• Cyber liability insurance: Data breaches are both common and expensive. This coverage will help pay for the costs to notify your clients, recover data, and repair your computer system. It also covers lost income if you’re unable to work due to a breach.  
  • Workers’ compensation insurance: Laws vary by state, but almost all small businesses with employees need a workers’ comp policy. It provides coverage for medical bills, other medical expenses and lost wages if your employees get injured on the job or are diagnosed with a work-related illness.
  • Employment Practices Liability Insurance (EPLI): This type of policy protects against liability claims if an employee sues your company for discrimination, wrongful termination, or harassment.
  • Directors and Officers (D&O) insurance: If your LLC has a Board of Directors, your board members or appointed officers could be personally sued by employees, investors or competitors over the management of the company. D&O insurance will cover these legal costs and keep their personal assets protected.

Factors to consider

Here’s what to do before you move forward with a business insurance policy.   

  • Assess your needs: Map out the risks your business faces so you can identify the types of insurance and coverage options you need.
  • Determine your coverage limits: Put together a rough estimate of how much your risks could run you if they actually happened. Choose a coverage limit that’s higher than what you’ve estimated, just in case.
  • Evaluate your insurance costs: Costs will vary depending on your coverage, but it’s important to find room in the budget for the insurance you need. If you’re struggling to see the value, gently nudge yourself back to that worst-case scenario estimate. You’ll thank yourself later, we promise!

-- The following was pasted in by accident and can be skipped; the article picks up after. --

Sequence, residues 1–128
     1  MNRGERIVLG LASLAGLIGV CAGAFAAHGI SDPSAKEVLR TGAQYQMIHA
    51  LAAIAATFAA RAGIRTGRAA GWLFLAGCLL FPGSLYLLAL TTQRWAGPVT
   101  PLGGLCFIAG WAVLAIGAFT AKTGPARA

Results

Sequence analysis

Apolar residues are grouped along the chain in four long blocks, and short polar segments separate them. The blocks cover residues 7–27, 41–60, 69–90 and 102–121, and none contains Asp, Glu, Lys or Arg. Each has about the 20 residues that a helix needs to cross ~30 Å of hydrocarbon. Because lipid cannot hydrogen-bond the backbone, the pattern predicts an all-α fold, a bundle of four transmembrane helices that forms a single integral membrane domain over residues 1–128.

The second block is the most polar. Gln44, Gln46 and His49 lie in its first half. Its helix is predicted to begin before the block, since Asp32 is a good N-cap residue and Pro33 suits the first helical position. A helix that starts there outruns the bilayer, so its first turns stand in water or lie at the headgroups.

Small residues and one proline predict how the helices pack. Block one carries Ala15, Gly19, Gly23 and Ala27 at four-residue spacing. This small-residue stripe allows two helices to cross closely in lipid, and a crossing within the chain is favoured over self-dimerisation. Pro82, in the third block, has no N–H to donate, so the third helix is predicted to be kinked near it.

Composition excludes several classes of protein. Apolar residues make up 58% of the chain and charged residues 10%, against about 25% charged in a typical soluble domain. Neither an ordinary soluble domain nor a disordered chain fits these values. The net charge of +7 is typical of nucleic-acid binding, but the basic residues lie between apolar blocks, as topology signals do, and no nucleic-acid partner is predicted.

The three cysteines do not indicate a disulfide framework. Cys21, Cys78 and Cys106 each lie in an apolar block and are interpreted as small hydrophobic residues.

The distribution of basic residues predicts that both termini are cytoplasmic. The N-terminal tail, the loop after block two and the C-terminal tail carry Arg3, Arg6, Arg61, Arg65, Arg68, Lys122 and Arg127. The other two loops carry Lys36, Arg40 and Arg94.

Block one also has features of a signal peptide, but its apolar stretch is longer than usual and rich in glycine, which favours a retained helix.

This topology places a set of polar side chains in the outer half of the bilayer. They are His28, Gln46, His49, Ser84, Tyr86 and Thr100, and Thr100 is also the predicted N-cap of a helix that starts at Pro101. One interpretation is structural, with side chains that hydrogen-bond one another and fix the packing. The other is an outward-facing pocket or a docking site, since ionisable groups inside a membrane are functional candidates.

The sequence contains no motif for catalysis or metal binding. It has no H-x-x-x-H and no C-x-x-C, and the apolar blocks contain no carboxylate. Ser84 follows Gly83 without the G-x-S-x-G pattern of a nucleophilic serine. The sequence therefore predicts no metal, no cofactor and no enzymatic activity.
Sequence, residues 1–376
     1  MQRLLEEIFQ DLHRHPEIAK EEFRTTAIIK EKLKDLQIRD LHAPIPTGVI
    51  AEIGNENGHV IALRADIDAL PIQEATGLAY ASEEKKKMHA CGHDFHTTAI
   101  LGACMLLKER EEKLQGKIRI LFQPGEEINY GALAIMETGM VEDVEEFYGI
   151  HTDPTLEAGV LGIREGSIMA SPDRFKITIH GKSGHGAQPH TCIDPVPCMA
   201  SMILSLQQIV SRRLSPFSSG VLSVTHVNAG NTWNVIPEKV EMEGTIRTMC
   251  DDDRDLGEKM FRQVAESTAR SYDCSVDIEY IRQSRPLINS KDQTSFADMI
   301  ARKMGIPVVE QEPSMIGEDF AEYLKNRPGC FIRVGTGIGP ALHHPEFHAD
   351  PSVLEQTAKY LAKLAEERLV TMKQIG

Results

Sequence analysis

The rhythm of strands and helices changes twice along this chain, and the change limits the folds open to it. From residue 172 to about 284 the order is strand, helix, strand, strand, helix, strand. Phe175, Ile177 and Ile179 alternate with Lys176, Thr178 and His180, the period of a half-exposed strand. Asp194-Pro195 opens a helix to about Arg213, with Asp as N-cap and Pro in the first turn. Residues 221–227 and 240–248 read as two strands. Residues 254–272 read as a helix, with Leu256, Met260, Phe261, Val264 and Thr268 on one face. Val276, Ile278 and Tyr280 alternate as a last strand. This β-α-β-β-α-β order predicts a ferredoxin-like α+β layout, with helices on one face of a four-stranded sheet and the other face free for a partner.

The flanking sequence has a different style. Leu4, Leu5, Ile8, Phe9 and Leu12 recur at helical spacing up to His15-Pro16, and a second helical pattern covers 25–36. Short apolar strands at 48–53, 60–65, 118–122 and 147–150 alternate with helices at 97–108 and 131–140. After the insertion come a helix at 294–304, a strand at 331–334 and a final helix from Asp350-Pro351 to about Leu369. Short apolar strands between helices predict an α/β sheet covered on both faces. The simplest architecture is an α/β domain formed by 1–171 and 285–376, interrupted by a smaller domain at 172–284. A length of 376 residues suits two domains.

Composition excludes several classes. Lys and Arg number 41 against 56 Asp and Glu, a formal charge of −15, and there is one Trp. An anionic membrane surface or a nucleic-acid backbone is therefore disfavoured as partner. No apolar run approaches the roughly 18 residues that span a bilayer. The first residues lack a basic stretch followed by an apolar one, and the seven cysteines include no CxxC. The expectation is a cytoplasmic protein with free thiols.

• Pay attention to exclusions: Every insurance policy will list events (often called “perils”) that they don’t cover. Take time to research what isn’t included so you can assess the full value of each coverage option.
  • Ask questions about the claims process: Before you commit to a provider, find out how long it typically takes them to process claims and try to get a sense for how much support they can offer you.

Finding the right policy for you

Here are the final steps you’ll want to take before securing business insurance.

  • Research reputable providers: A lot of companies offer these types of coverages, so pick one that aligns with your priorities. Here are a few solid options:
    - Hiscox
    : If you’re looking to save time, this provider says they can find you a policy and get you a quote in just 20 seconds.
    - Next
    : If you’re not sure where to start, this company specializes in small business insurance and shows you coverage options that are tailored to your specific profession.
    - State Farm
    : Ranked #1 in customer satisfaction among all small business insurers, this is a great choice if you want the support of a knowledgeable insurance agent.
  • Request multiple quotes: Insurance companies each have their own way to calculate risk, so compare a few quotes before you commit. Just make sure each policy offers similar coverage so you’re comparing apples to apples.
  • Consult an expert: For extra peace of mind, talk to an insurance agent or broker who specializes in business insurance. You may also want to follow up with a lawyer to make sure all your bases are covered.
  • Review the terms, coverage and pricing: Once you’ve settled on a policy, make sure you understand what’s covered, when it renews, and how you can cancel if necessary. If the policy includes a deductible, you can choose a higher amount to keep your premium as low as possible – just be sure your business has the funds to cover it.
  • Purchase your policy: You can either get a policy directly online or work with a customer support agent or broker in-person or over the phone. We know you’re super busy, but try your best not to just set it and forget it — your business needs will likely change over time so it’s wise to review your coverage each year.

Set Your Business Up For Success

From taxes to marketing and everything in between — there’s a lot to think about when you start your own LLC, and purchasing business insurance gives you a solid foundation for success.

Once you’ve found the right policy, consider taking advantage of other resources that will save you time and keep things simple. Practice’s CRM tool can help you with your scheduling, payments, forms, contracts, file storage, and more — and you can try it free for seven days.

Disclaimer: The information is for educational purposes only. If you need insurance or legal advice, please contact a licensed insurance agent or legal professional.